Friends. Sometimes they love us. Sometimes they hurt us. Sometimes they lift us up in our hour of sorrow, and other times, they take advantage of us after we have had outpatient butt surgery. These are the eternal issues that The League examined during its epic double-episode tonight.
I know that "The Anchor Baby" and "Bro-Lo El Cordero" were doubled up just so the network could air all of this show's episodes before mid-season, but they made a lot of sense when viewed together. In these combined 40-odd minutes, the real issue at the heart of The League--when everyone you love is a childish, self-involved maniac, who can you really trust?--came to a fever pitch, with a surprising moment of catharsis (followed by yet another let-down) for poor Dr. Andre.
"The Anchor Baby" let Ruxin, who's been a bit on the back burner this season, take glorious center stage as he obsessed over Sofia, scheming to keep his wife from leaving him while still being too bored by her to even spend a long afternoon in her company. I know what I described in the last sentence sounds like the plot of a five hour-long Italian opera/ Edith Wharton novel, but Ruxin's panicked mania was hilarious--he got in some of his best The League quotes of the season as he mulled over the state of Sofia's pubic hair/ commitment to their marriage. Good to have you back in action, Rodney.
Taco, meanwhile, continued marching down the road to Kramertown. As previously noted, The League is written by a former Seinfeld scribe, and while not every episode reflects this, Taco's evolution certainly does. Over the last season or so, Taco has gone from illiterate stoner goof-off to total hipster doofus, embracing wild scheme after wild scheme with a matter-of-factness that would do the K-Man himself proud. While he was once a kind of semi-interesting Bill & Ted type, Taco has now finally bloomed into someone not just dumb, but delightfully deranged. He's a New Gross Pervert Kramer for our New Gross Pervert America. U-S-A! U-S-A?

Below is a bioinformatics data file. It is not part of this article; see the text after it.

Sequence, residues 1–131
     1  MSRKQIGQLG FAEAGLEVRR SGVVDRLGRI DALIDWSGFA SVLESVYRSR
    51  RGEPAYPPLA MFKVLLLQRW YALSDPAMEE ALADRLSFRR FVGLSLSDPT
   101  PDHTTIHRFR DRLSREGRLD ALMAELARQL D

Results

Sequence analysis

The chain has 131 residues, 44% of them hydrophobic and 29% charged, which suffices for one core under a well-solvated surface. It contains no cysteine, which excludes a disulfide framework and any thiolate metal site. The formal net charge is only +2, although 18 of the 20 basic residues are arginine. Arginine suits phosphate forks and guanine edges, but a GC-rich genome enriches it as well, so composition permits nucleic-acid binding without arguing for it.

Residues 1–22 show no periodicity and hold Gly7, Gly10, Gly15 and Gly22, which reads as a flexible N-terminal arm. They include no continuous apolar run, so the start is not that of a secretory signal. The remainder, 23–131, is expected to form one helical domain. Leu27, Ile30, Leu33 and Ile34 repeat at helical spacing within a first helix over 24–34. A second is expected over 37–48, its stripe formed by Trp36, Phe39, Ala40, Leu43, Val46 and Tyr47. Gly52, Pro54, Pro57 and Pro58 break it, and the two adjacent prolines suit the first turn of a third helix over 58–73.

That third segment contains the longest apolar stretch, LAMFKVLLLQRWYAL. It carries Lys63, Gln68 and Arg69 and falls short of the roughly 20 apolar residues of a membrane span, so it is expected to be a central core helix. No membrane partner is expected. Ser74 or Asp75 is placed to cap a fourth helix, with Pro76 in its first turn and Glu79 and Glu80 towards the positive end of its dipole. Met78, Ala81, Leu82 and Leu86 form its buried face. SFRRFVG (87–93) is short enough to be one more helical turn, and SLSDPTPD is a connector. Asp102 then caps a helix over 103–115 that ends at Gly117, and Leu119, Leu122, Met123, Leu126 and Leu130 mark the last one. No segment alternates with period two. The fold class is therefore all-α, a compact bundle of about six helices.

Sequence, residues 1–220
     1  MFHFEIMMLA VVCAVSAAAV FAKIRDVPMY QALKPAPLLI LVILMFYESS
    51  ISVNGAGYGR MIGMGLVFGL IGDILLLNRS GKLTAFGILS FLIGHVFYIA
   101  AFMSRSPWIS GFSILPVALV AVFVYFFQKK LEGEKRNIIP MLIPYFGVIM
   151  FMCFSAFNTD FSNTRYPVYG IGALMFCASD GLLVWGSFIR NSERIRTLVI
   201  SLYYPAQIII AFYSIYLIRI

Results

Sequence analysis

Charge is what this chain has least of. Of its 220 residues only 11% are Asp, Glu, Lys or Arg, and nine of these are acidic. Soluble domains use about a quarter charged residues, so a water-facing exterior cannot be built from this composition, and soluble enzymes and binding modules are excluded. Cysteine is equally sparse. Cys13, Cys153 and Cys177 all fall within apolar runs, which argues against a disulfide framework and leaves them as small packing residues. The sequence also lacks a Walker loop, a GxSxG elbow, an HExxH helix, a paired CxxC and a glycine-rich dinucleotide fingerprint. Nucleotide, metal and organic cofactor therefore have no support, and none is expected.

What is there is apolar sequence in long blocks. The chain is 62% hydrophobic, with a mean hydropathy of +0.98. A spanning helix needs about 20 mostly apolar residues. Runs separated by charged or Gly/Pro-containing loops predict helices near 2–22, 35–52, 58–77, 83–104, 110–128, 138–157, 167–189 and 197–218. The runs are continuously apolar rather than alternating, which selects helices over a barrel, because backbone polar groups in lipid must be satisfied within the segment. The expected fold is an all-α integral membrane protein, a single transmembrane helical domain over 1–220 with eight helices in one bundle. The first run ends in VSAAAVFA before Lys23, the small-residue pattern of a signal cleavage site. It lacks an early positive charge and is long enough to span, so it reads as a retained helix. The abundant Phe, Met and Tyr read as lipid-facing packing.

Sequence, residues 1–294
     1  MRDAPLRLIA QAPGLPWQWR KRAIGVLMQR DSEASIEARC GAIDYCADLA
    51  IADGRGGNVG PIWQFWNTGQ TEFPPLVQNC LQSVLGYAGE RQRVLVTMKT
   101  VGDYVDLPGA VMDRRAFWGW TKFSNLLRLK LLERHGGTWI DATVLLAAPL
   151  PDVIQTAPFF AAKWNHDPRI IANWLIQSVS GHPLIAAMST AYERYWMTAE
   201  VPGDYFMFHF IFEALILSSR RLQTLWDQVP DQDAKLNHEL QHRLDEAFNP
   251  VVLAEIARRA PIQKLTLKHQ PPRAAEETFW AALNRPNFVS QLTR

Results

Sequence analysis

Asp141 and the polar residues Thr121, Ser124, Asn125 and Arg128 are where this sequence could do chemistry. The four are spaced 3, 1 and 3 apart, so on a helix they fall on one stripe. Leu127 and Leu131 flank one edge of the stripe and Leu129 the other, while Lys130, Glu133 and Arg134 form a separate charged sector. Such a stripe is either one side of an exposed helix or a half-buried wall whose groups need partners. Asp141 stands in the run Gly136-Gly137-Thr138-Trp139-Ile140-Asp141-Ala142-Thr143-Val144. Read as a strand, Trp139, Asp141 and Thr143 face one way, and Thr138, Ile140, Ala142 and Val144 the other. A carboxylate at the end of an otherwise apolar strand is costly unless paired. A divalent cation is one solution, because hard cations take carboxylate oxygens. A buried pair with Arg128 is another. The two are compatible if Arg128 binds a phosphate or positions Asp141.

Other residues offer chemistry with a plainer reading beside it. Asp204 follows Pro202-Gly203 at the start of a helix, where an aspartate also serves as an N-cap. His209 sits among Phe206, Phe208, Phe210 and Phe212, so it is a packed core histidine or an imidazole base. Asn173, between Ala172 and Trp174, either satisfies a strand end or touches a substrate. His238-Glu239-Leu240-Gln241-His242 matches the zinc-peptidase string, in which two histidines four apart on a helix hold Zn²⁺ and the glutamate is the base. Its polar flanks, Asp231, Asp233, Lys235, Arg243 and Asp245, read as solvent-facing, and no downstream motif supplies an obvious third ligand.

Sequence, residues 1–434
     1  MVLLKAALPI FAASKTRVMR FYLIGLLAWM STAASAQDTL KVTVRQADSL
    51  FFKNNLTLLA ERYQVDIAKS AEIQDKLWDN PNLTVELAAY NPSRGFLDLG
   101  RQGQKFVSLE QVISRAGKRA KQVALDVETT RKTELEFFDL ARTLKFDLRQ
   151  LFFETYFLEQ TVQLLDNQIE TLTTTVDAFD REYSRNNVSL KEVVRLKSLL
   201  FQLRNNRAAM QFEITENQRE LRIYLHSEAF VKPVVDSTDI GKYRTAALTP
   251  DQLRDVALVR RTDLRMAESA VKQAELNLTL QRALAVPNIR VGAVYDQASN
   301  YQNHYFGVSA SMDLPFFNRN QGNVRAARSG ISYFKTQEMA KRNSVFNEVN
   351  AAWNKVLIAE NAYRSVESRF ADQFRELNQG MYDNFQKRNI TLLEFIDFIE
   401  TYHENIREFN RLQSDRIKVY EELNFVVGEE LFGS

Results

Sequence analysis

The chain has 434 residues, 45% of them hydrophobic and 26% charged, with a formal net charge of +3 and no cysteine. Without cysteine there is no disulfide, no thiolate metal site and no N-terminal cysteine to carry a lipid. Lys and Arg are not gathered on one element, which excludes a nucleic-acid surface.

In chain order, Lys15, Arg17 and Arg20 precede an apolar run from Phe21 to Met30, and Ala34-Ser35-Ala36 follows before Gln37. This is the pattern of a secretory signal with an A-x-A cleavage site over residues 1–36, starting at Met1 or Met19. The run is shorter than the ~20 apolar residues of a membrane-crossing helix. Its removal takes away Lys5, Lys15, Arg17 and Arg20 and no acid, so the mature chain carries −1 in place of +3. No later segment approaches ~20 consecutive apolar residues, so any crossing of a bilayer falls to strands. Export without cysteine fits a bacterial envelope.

The strongest thread uniting the two episodes was Andre. In "The Anchor Baby," Andre tried in vain to get his friends to respect him or listen to his problems, while they giggled helplessly about his wet noodle disorder. But in "Bro-Lo El Cordero," for the first time, Andre came close achieving revenge. Often the sacrificial lamb for the gang, Andre finally did something shitty himself (getting Kevin to agree to a bad trade while he was on anesthesia). Of course, he paid for it--in a glittery suit on the La Lucha Mexican wrestling stage, as all the best disputes are settled--but for one moment, I was glad to see Andre finally getting something over on these guys.
And yes, that was the moment when I knew that reviewing this show had left me hopelessly morally warped, cheering for a man who had just taken advantage of a guy recovering from butt surgery. Pray for my soul.
On a different note, did anyone else think Andre's "inner voice" sounded a lot like the "Crawdad Man"?
Did you like seeing Andre finally strike back at the gang? Or do you prefer a kinder, gentler Andre Nodick?